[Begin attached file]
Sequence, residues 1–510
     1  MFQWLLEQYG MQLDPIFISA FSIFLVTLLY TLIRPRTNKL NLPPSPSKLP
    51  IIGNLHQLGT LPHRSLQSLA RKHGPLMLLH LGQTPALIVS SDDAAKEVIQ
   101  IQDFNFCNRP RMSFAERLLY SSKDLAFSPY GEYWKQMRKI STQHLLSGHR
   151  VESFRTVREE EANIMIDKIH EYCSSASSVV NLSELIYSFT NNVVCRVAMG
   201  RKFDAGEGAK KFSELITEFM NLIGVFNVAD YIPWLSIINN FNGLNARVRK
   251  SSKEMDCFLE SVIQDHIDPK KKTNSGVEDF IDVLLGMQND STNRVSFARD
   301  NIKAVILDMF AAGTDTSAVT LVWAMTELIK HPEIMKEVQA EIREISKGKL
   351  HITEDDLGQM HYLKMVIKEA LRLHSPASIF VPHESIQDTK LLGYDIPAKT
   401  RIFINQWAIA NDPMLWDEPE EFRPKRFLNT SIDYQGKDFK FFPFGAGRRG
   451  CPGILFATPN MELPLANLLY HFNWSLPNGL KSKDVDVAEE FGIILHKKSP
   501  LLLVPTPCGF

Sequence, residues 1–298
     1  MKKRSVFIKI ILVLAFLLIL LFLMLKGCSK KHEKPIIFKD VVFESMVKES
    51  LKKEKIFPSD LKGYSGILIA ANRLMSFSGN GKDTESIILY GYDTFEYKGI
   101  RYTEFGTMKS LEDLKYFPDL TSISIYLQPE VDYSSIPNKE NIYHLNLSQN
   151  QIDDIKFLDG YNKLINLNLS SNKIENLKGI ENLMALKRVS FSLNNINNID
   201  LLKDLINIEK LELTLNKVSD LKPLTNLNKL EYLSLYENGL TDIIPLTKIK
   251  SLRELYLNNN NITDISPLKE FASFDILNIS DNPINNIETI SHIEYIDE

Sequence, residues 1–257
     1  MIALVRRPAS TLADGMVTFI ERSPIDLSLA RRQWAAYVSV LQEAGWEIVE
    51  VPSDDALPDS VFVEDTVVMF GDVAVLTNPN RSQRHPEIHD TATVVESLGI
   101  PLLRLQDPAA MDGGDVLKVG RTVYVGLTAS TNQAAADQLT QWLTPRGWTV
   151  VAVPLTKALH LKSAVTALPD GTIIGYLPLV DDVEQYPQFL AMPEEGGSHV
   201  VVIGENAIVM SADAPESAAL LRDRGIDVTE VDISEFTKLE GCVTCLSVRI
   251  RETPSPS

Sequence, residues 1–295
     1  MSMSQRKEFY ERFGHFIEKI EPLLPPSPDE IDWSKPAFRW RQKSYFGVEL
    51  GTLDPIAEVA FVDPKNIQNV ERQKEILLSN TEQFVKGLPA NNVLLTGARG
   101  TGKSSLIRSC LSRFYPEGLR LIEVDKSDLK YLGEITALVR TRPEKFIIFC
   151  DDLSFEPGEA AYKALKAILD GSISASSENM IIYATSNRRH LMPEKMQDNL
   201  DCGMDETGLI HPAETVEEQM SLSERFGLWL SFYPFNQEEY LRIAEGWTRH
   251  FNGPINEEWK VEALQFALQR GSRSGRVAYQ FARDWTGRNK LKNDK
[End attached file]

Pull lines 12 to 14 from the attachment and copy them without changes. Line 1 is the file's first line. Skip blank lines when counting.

   501  LLLVPTPCGF

Sequence, residues 1–298
     1  MKKRSVFIKI ILVLAFLLIL LFLMLKGCSK KHEKPIIFKD VVFESMVKES